I had the opportunity recently to borrow a MacQuisition licence from our imaging lab for a few days. It isn’t a tool which I’ve had much reason to use before. Given the limited support for Apple’s APFS file system among forensic tools (X-Ways and EnCase have some support now; I don’t have access to BlackLight but I expect it is pretty good.), an alternative available to digital forensic analysts is to simply copy files and directories from the source device. I was curious about the changes that might be introduced during such a logical collection from macOS to a Windows environment.
During my investigation I discovered that some metadata is lost (perhaps inevitably) and that others are transmuted to fit the destination file system. This is certainly noteworthy in the context of a forensic acquisition from macOS. But under other circumstances the same changes could prove to be the source of evidence. Since these artefacts are created when files are moved from one file system to another, they could demonstrate such movement and be clues to the provenance of the files.
This is not a review of MacQuisition, and I do not recommend using logical file collection to FAT or NTFS as your main method to acquire data from macOS for forensic analysis. For many reasons I think that the easiest option available to examine a macOS exhibit is to do so on another Mac. Not least among those is to avoid the transformations I describe in this article.
On Unix like operating systems, one might use a tool such as
rsync to copy files from one location to another. MacQuisition uses the latter in its Data Collection mode (more on that later). Regardless of the program used, the
atime (data last accessed) and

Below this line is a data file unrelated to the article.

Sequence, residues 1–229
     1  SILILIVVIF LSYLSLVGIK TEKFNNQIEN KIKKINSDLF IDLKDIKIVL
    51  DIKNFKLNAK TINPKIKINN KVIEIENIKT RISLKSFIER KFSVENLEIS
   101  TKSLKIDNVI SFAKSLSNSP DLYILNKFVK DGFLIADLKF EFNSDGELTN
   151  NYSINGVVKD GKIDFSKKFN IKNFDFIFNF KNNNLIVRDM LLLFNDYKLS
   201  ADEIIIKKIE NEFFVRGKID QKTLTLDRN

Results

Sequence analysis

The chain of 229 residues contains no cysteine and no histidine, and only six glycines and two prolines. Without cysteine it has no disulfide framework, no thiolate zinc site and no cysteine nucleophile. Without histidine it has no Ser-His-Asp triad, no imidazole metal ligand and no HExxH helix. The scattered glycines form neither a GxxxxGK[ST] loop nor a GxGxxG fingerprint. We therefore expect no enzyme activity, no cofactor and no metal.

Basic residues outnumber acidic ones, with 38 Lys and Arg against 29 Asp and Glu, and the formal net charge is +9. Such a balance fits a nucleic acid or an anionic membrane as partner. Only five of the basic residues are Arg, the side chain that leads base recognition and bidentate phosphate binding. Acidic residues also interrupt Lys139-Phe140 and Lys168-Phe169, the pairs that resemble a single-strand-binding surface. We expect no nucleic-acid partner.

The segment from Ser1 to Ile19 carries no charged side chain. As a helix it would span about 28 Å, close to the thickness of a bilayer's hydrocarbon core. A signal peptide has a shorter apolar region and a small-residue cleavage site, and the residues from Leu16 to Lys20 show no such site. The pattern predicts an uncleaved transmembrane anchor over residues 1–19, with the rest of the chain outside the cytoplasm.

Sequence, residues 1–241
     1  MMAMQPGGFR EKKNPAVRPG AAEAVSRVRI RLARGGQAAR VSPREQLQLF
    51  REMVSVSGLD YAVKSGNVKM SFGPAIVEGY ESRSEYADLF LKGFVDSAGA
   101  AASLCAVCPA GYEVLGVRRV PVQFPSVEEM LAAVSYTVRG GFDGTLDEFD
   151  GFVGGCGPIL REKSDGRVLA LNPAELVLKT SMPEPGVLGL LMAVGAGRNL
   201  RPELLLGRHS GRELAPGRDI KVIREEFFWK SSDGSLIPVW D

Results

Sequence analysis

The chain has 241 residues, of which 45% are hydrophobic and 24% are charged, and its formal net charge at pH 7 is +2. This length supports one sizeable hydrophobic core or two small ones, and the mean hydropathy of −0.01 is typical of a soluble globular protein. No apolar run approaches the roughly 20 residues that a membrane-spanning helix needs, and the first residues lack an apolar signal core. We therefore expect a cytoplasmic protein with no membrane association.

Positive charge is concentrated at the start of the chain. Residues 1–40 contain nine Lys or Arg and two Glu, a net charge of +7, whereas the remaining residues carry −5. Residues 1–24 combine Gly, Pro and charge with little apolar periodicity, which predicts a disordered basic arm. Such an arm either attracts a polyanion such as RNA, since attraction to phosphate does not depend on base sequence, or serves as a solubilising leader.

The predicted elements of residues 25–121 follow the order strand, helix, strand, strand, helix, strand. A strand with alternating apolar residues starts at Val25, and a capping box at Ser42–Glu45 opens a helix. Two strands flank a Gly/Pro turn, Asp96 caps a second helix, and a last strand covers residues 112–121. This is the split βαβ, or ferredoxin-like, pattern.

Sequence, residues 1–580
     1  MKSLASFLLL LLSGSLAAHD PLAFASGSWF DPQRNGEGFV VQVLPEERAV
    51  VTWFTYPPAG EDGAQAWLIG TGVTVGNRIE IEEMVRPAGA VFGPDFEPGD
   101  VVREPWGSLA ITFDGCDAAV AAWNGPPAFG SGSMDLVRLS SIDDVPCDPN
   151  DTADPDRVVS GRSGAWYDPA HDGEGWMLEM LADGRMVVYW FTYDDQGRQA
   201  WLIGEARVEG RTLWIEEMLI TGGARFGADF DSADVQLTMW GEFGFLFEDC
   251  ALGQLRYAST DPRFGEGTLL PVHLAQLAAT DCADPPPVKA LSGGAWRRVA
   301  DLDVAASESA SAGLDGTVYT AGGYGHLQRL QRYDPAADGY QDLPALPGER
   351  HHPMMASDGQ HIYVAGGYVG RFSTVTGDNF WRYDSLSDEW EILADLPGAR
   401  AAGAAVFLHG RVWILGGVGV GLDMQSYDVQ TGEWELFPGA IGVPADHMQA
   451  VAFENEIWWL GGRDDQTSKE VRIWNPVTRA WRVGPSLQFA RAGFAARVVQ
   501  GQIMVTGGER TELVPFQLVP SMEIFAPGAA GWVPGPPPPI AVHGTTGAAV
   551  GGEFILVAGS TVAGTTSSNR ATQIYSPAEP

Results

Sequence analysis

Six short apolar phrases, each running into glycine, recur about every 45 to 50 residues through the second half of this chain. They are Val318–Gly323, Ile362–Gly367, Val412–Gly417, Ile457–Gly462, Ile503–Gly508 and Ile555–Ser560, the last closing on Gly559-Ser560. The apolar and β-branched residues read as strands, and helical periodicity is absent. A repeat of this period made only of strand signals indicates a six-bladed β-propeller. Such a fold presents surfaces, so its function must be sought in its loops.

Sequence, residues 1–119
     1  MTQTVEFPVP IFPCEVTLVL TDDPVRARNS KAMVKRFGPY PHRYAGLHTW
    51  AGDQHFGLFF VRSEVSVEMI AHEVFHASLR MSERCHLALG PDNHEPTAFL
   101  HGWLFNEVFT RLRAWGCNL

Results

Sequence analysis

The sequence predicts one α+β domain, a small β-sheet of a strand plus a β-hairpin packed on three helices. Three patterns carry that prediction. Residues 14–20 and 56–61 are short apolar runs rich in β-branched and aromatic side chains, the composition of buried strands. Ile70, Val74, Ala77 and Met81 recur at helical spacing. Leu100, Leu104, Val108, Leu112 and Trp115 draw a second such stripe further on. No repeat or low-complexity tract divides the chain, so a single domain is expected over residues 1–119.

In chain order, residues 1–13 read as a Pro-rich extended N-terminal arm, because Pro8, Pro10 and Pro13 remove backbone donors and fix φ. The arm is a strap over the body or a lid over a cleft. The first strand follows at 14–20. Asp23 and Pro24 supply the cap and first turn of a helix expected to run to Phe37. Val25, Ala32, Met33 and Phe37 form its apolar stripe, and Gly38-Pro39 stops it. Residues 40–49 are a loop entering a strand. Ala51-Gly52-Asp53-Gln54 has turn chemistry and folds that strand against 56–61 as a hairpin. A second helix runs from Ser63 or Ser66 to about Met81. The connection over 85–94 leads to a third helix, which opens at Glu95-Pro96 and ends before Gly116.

ctime (status last changed) attributes will be updated on the destination. The other two timestamps,
mtime (data last modified) and
birthtime (file creation), are preserved.
There doesn’t seem to be a way around this. MacQuisition does however collect metadata (using stat) from the source files beforehand.
Extended File Attributes
Extended file attributes can be an important source of evidence on macOS. These tend to contain extra metadata fields such as more timestamps than the previously mentioned four attributes (there are a couple of examples in the screenshot below). In recent versions of macOS, even the contents of a resource fork is stored in an extended attribute (
In the screenshot shown above, there are six extended attributes listed which are associated with a picture file (a screenshot in fact). What happens to these when the file is copied to a FAT-formatted drive? The Apple Double format is used to create two files on the destination for each file copied to a FAT volume. The first has the same name as the source file and will contain the contents of the data fork. The second has the name of the source file prepended with “
._” and shall contain extended attributes and the resource fork.
The situation illustrated in the screenshot above will be familiar to many people. These are some files I’ve copied from macOS to Windows on a USB flash drive. Notice how most (but not all) of the files have hidden “
._” counterparts. In the following example, I use PowerShell to view the contents of a file called “
._BaseSystem.dmg“. (I wonder why rsync is in there at offset 0x83…)
How about on NTFS? Here the NTFS driver creates alternate data streams to store the extended attributes. In the following example, I enumerate the streams associated with a screenshot captured on macOS. A couple of those weren’t present as extended attributes on the source. Can you tell which ones they are?